In June 2020, ITU formally solicited technical views on the future development of IMT from all member states including China, and plans to complete the “Future Technology Trend Report” in 2022. This report will set the tone for global 6G programs and standards.
The “6G Overall Vision and Potential Key Technology White Paper” is the latest achievement of China’s 6G research, and is a mobile communication plan submitted by China to the ITU for the next ten years.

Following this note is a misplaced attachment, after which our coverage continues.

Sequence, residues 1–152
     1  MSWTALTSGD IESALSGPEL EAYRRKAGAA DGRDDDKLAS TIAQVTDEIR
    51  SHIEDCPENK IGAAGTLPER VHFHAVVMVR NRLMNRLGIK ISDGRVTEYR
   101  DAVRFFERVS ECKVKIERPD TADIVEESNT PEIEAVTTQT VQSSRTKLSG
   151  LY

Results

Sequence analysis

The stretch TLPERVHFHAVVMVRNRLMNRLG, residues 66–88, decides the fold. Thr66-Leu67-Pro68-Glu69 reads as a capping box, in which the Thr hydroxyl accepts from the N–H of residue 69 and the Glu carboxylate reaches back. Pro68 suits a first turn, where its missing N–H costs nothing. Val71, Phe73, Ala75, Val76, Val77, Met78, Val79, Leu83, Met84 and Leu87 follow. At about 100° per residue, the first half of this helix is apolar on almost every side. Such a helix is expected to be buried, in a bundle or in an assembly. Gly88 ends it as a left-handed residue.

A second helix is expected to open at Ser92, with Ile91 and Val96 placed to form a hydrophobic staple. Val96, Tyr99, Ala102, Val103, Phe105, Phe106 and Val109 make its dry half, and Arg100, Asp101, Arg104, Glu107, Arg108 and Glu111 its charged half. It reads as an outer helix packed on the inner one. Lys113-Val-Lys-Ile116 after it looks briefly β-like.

In this plan, the significant difference between 6G and 5G systems is that it clearly proposes to achieve “seamless global coverage” and build a “inclusive and intelligent human society”-this goal must be achieved with the help of key supplements from non-ground facilities such as satellites. . The white paper shows that 6G services will form eight business applications such as holographic communication, digital twins, immersive cloud XR, sensory interconnection, and global coverage, and can be further classified into three categories of application scenarios: immersion, intelligence, and global coverage. Global coverage will provide an integrated air, space, and ground network with seamless global coverage, so that there will be no mobile Internet blind spots on the planet. Ten years later, mankind will truly realize the “ubiquitous” network for the first time on earth. The perspective of global coverage helps answer a common question from all walks of life: 5G networks are characterized by high speed, large bandwidth, and low latency. 5G has just begun. How can 6G be put on the agenda again? The white paper gives the answer: humans have entered the 5G era for two years, but there are still more than 80% of the land area and 95% of the ocean area without mobile network signals, and the communication objects are limited to the space within 10,000 meters above the surface. , It is impossible to realize the “sky, sea and sea” Internet surfing. At the same time, there are still 3 billion people without basic network access facilities in the world, and the digital divide in economic and social development is widening. The SpaceX (Space Exploration) company founded by Musk has been intensively implementing Starlink two years ago because its business model is also based on the needs of these mobile network blank spaces. Currently, Starlink has launched 28 batches of low-Earth orbit global networking satellites, with more than 1,600 satellites in orbit. Starlink will deploy a total of 42,000 satellites-occupying 40% of the total capacity of low-Earth orbit satellites. Starlink has begun to land terminal services in Europe and the United States. Some people may ask: Will this space-based satellite Internet subvert the existing ground-based cellular network facilities featuring optical fibers, base stations, and iron towers? The white paper also gives the answer: satellite networks will not replace terrestrial networks, but provide strategic supplements in areas where the economics of terrestrial facilities are poor or beyond the reach of infrastructure, and ultimately integrate with terrestrial networks. In April 2020, the National Development and Reform Commission made it clear that “satellite Internet” is an important part of the construction of new infrastructure. In May 2021, China Satellite Network Group was formally established, and the new infrastructure of satellite Internet is steadily advancing. We believe that the ideal result of this new infrastructure is to build a high-speed network that is ubiquitous and without perception in real life. 6G vision calls for satellite network “leopard change” Satellite Internet is a product of the continuous development of satellite communications. With satellite communications, it has experienced three development stages of different orbit heights, different communication systems, different business types, and different coverage areas. From the 1960s to the 1980s, through the analog communication satellites in geosynchronous orbits, they mainly provided communication services to the government and public sectors; from the 1980s to the end of the last century, digital communication and low-orbit satellite communication satellites came onto the stage and gradually began to provide services to businesses and families. , Individuals provide services; from the beginning of this century to the present, multi-orbit high-throughput satellites (HTS) have brought true satellite Internet, providing users with more diverse network access options. One of the most famous forerunners is Motorola’s aborted Iridium project. At present, under the background of accelerating and deepening 5G commercial use, the development plan of satellite Internet is to transfer 5G base stations from ground towers to low-orbit small satellites, and dynamically splice ground coverage through multi-satellite networking. The signal is transmitted to the terminal without ground network signal. According to our research, the country is in the early stages of satellite Internet development, and “rigorous needs” in industries such as emergency disaster reduction, resources and environment, transportation and logistics, and energy pipeline networks are constantly emerging. The Internet of Vehicles, Internet of Things, and Industrial Internet are crossed by 5G technology. In converged applications, satellite networks will be very useful. With the advancement of technology research and development in 5G on the satellite, integration of communication-navigation-remote sensing, and air-space network connection, smart agriculture, smart city, smart manufacturing, smart cultural tourism, autonomous driving, financial services, home and individual users Other application scenarios will also be supported by satellite networks. And moving from 5G to 6G will be a process in which satellite network services are more convenient and easy to use, scenes are constantly enriched, and the domestic market scale is growing exponentially. We estimate that if 100 billion yuan is invested in satellite development and deployment during the infrastructure period (initial in 2021), the downstream terminal and industry solution market is expected to reach 200 billion yuan after three or four years. After 2026, industry applications and The scale of the space-time big data service market will reach 700 billion yuan. At the beginning of the construction of a new generation of satellite networks, how to maximize the capability structure, utilization efficiency and cost advantages of low-orbit satellite communications through innovation is the key to whether the 5G network can go to the sky and the 6G vision can be realized as scheduled. Starting from the new infrastructure needs of China’s “satellite Internet”, we believe that the technological innovation direction of satellite networks is to finally form a space infrastructure with complete “communication, navigation, remote, calculation, and storage” space-time big data service capabilities. The construction of satellite networks should draw development momentum from the latest ICT technologies, which have not yet been included in the vision of traditional spacecraft development departments: one is the “intelligence” that can integrate artificial intelligence, machine learning, quantum computing, blockchain and other technologies; The second is the “opening” of interfaces, software and hardware, the market to the industrial ecology, which minimizes supply chain costs and enhances user experience; the third is to build end-to-end, endogenous dynamic “security” at the beginning of satellite networking. Satellite evolution speed lags behind network demand In low-Earth orbits at altitudes of 200 km to 2,000 km, with the rapid increase in global small satellite networking activities, in the 5G commercial period, satellite networks have highlighted three development trends, including both new forces and constraints. First, the application density of new technologies in satellite networks has increased. For example, satellite research and development are achieving low-cost and miniaturization, and launching costs are also decreasing. Technologies such as Hall propulsion, composite materials, inter-satellite optical communications, and fully electronically scanned phased array antennas have gradually entered the industrialization stage, providing for satellite network upgrades. A new technological basis has been created. Second, the digital economy has brought about an incremental market for satellite services. The interconnection of everything, wide area coverage, and ultra-large bandwidth are the characteristics of 5G network services. Satellite network users are also looking forward to an application experience similar to terrestrial 5G business scenarios, and are willing to pay for the service providers who are the first to meet their special scenario requirements. In the 6G era, satellite networks are the most effective solution in the face of the global digital divide due to factors such as geographic conditions, population distribution, and economic development levels. In addition to commercial forces, social and political driving forces will also be increasingly strengthened. The third is that the satellite network presents “abundant scarcity”, which is a technical challenge accompanied by a positive situation. On the one hand, with the technological iteration of multiple satellites and even dozens of satellites, the difficulty of expanding the scale of satellite networks is reduced, and the number of satellites in orbit has also changed from scarcity to ample; but on the other hand, a single satellite is limited by energy and weight. Such restrictions, insufficient resources available for networking adjustments, resulting in huge fluctuations in user experience. Behind this “abundant scarcity” is today’s satellite supply-side technology that needs to be improved urgently. For example, satellite in-orbit storage and computing, satellite-to-satellite and satellite-to-ground data transmission capabilities are obviously lagging behind; the control planes of different satellites lack standardized interfaces and are poorly compatible, making it difficult to realize intelligent networking; communication standards and protocols have yet to be unified; satellite control is mainly Relying on mission planning on the ground, the efficiency is low and there are hidden safety hazards; the satellite network security architecture is easily compromised, and the data transmitted through the air interface is easily intercepted. On the user side, compared with terrestrial 5G, the convenience of satellite network applications is far from 6G expectations. For example, satellite remote sensing data charges are high, satellite communication charges per unit bandwidth resource and per unit bit transmission are high, and the charging model is rigid and unfriendly; the timeliness of the satellite data supply chain is poor, and it cannot stably and continuously meet the needs of refined applications; the interface of satellite applications With poor interface ease of use, users and developers face technical barriers far higher than those of general Internet applications. In the policy field, many uncertainties still restrict the development of the satellite network industry. How to reasonably plan and allocate the radio frequency and orbital location resources required by the satellite network in commercial scenarios is a question that market entities expect clearly. Since space belongs to the human “commons” space, with the increase in satellite deployment, the ownership of its data assets in the “commons” has yet to be clarified by the international legal system. At the same time, geopolitics directly affect the overseas deployment of satellite network ground measurement and control infrastructure. Multinational businesses need to balance market competition and access risks, and overseas market expansion and user service delivery are difficult. Task List of China’s Satellite Industry Moving from 5G to 6G will inevitably face a series of technical discussions, policy games, and commercial competition. Many uncertainties still need to be resolved through demonstration and practice after the release of the white paper. However, the white paper can be used as a long-term action for the Chinese satellite industry to grasp the current situation. pointer. We foresee that in order to serve commercial 6G networks in 2030, a new generation of satellite networks must meet the following four application expectations: One is the flexible networking of a large number of satellites. Building a flexible intelligent network architecture based on the number of satellites can reconstruct and expand the topology and functions of the satellite network at any time as needed. The second is multi-load, multi-task, and soft handoff. In order to improve the efficiency of space resource utilization, each satellite and each satellite network is equipped with multiple types of loads. The software defines satellite functions and on-orbit updates, which can perform soft handover in response to different tasks and establish a network topology suitable for new tasks. , Call the payload and complete the task. The third is the integration of world resources. Satellites can coordinate the utilization of space and earth network resources including perception, transmission, calculation, storage, communication protocols, frequencies, tasks, etc., follow uniform commercial standards and maximize the utilization of energy, bandwidth, frequency, orbit, and data. The fourth is the integration of perception, transmission, storage, and computing. In the data link between the networked satellites, the integrated design of information collection, transmission, calculation, and application is realized, and the change of demand scenarios is swiftly responded to, and data security is ensured. With these expectations, which satellite technologies will help support the 6G vision? Standing in the 5G era, in which areas should the commercial satellite industry invest in innovation and R&D in order to build the four pillars of the air-space-ground integrated network? We believe that the satellite network in the 6G era can be divided into seven functional domains in the space segment and one functional domain in the ground segment. The functional domains of the space segment include perception, transmission, storage, computing, platform, function, and network security (see Table 1); the functional domains of the ground segment are mainly used for ground support, including ground stations, launch sites, and satellite-to-ground integration Core network, etc. Some of the technologies in these eight functional domains have entered commercial use and tend to be stable and mature, while most of them are still in the verification and testing stage, requiring strategic investment to achieve key breakthroughs. At this stage, the more important thing is the transformation of the satellite industry chain. The immediate question is whether the commercialization of satellite development and production will bring about a reduction in the cost of satellite networks and applications? At the same time, how to use the saved costs to break through the bottleneck of existing satellite design and research and development, and to drive a moderately advanced technology research and development for 2030? China’s private commercial aerospace has only started for a few years, but the “catfish effect” has begun to appear. The cost of the entire satellite and the launch cost of satellites are decreasing, and the delivery cycle of satellite products is gradually shortening. The design method and process innovation of “onboard integration” is conducive to the on-demand customization of satellite functional loads. Mass production of small satellites required for future constellation networking in a flexible manner will gradually become the mainstream practice for domestic delivery of commercial satellite orders. Those enterprises with capacity reserves and technical preparations will gain a leading edge in the new satellite network infrastructure that started in the 5G era and ended in the 6G era, and will drive the prosperity of the entire satellite industry chain. In order to solve the “question list” set out by China’s 6G vision for satellites, the main players in the industry chain must collaborate to form an innovative network, in software-defined satellites, on-satellite 5G, standardization, inter-satellite link technology, innovative satellite configurations, and ground Terminal applications and integration of communication, navigation and remote control have surpassed the international advanced level, forming a new generation of satellite product pedigree with China’s independent and controllable core technology. 5G has arrived, and 6G is not far away. We hope to work with China’s commercial aerospace partners to use epoch-making satellite hard technology innovation to shape a smarter and more beautiful human future. * Originally published in Caijing Magazine on June 21, 2021.The author is the founder and CEO of Jiutian MSI; Editor: Mark